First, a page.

Insinuendo: Why the Mueller Report Doth Repeat So Much – IOTW Report

Insinuendo: Why the Mueller Report Doth Repeat So Much

Real Clear Politics: The Mueller report should have been a knockout blow to anti-Trump forces who invested their hopes in the special counsel. With Robert Mueller’s finding that the Trump campaign did not conspire with Russia to steal the 2016 election and that there was no clear path to indicting the president for obstruction, the enterprise should have shuddered to a stop.

Instead, those who were at first dumbfounded by the special counsel’s report have since found reasons to be buoyed by it – by its grudging tone, its sly assertions resembling proof, and its insistence that not being found guilty should not be confused with innocence. If you had to pick a single sentence that captures the style and substance of Mueller’s tome, you’d find it on page 2: “A statement that the investigation did not establish particular facts does not mean there was no evidence of those facts.”

Democratic members of the House have secured Mueller’s agreement to testify. They will encourage him to offer a sort of informal indictment of the president, something to justify impeachment. Something that can be winkled out of the Mueller report.

All of which calls for a closer reading of the 448-page document. What becomes clear is that the special counsel used a number of rhetorical devices to couch evidence and craft a narrative so that a document that ultimately clears the president can also be read as an indictment.

The first thing to note about the Mueller report is just how contentious it is. It isn’t a set of findings so much as an assertion of what the findings might have been if only there had been more evidence. It is like a closing argument in a criminal case already dismissed for lack of evidence but in which the prosecutor is determined to redeem what he can of his case. Mueller turns to a variety of strategies: hectoring repetition; the use of extraneous detail to add heft to flimsy assertion; and a resort to insinuation and innuendo to prejudice the reader against those who have escaped the dock.

Papadopoulos Again and Again

Ever since the debunking of Trump-Russia dirt paid for by the Democrats and compiled by the opposition firm Fusion GPS, government officials and conspiracists have insisted that the Steele dossier had nothing to do with launching the investigation. The story is that the FBI flew into action after learning that Trump campaign adviser George Papadopoulos had made an alarming statement to an Australian diplomat in a London bar, telling him about Russian intentions to interfere with the U.S. election.

From the first page of his report, the special counsel is eager to establish the narrative that that Papadopoulos, not Steele, sparked the initial investigation. Mueller writes that in May 2016 “Papadopoulos had suggested to a representative of [a] foreign government that the Trump Campaign had received indications from the Russian government that it could assist the Campaign through the anonymous release of information damaging to Democratic presidential candidate Hillary Clinton.”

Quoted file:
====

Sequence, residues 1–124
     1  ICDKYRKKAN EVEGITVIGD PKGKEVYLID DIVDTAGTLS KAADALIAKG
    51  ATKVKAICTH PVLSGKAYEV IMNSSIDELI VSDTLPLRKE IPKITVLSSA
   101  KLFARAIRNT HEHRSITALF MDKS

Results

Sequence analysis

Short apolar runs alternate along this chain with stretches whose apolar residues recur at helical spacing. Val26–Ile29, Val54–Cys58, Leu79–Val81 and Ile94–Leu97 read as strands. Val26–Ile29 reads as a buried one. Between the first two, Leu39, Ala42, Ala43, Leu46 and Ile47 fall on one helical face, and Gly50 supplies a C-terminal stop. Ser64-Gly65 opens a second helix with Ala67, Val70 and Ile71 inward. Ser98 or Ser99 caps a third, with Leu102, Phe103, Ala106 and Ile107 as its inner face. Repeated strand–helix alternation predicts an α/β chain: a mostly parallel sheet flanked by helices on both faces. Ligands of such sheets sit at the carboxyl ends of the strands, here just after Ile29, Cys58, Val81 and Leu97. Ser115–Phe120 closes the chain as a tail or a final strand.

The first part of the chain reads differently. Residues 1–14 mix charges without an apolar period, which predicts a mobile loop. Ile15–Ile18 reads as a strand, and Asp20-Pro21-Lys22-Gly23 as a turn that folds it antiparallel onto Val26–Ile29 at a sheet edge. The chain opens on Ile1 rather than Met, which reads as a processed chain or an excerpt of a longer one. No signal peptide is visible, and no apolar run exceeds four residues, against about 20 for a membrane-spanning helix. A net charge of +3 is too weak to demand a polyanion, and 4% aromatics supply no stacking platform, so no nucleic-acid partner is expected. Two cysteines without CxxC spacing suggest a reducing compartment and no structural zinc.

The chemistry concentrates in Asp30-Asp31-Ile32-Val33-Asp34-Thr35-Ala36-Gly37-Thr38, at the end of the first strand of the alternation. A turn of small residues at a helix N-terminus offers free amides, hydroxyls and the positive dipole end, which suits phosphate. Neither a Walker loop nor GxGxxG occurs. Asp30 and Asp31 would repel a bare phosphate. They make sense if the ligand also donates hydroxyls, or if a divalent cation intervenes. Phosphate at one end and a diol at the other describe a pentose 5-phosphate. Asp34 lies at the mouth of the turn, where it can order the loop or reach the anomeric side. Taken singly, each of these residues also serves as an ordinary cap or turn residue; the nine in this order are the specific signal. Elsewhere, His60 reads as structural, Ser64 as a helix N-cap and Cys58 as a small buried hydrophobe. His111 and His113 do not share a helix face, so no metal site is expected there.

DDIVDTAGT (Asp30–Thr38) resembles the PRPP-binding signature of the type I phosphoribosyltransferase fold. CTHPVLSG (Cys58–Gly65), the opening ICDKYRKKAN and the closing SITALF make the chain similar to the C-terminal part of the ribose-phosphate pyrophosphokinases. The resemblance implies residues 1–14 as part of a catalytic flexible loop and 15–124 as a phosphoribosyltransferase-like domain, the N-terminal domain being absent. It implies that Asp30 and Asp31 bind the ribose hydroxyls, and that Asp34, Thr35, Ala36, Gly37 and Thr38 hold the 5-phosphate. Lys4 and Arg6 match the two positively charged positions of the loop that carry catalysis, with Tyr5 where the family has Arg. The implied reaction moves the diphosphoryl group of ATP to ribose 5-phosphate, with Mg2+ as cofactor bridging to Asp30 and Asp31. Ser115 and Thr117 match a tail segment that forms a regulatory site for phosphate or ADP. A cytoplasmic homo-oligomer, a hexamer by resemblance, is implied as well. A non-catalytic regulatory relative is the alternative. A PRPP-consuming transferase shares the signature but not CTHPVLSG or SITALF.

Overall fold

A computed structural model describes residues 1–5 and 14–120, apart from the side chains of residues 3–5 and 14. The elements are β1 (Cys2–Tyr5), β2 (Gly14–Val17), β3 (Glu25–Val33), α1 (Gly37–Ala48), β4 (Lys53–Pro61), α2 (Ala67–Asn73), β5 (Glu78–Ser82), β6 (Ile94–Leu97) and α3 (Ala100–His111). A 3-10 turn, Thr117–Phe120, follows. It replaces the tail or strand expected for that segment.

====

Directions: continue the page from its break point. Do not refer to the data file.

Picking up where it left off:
But it’s not enough to say it once. Come page 6, Mueller writes, “Papadopoulos suggested to a representative of a foreign government that the Trump Campaign had received indications from the Russian government that it could assist the Campaign through the anonymous release of information damaging to candidate Clinton.”

Mueller repeats this claim nearly word for word again on pages 81, 89, and 93.

At least page 192 offers a hint of variation: The FBI “approached Papadopoulos for an interview” because of “his suggestion to a foreign government representative that Russia had indicated that it could assist the Campaign through the anonymous release of information damaging to candidate Clinton.”

Such relentless repetition might be dismissed as lazy cut-and-paste writing. But repetition is an ancient and effective tool of rhetoric.  The Greeks called it epimone; the Romans, commoratio. It can be used subtly and powerfully, as in “Brutus is an honorable man,” or it can be employed in a clumsy effort to pound home a weak claim, as in “Papadopoulos suggested…that the Trump Campaign…”

What makes the claim weak?

The problem starts with “Papadopoulos suggested.” What exactly did he say? “Suggested” implies he expressed himself indirectly. The report’s use of that squishy verb all six times it refers to the conversation is an admission that Papadopoulos did not directly make the explosive claim that allegedly spurred the FBI into action.   KEEP READING


5 Comments on Insinuendo: Why the Mueller Report Doth Repeat So Much

  1. Soph histry herstory history

    epimone
    commoratio

    Like Alisyn Camerota repeatedly blaming President Trump for CNN Sucking. Chris Cuomo and Alisyn Camerota and Brian Stelter repeatedly suggesting a scenario of Trump supporters violently attacking reporters.

    Antifa and reporters Alisyn Camerota?

    Her story and history

    Andy Ngo innuendo insinuendo

    2
  2. Robespierre Mueller and his Committee of Public Safety are about to defend the indefensible before a joint Congressional Comittee composed of Nitwits, Jacobins, Seditious Traitors, and Blowhards, as well as Patriots and Men who will defend the Constitution. This hearing could explain why Mueller wanted his Magnum Opus to doublespeak for itself.

    4
  3. brilliant set-up … but no knock-out punch

    … the end just fizzles … but it should be required reading for repubs on the committees that will question Muleface & his henchman

    3

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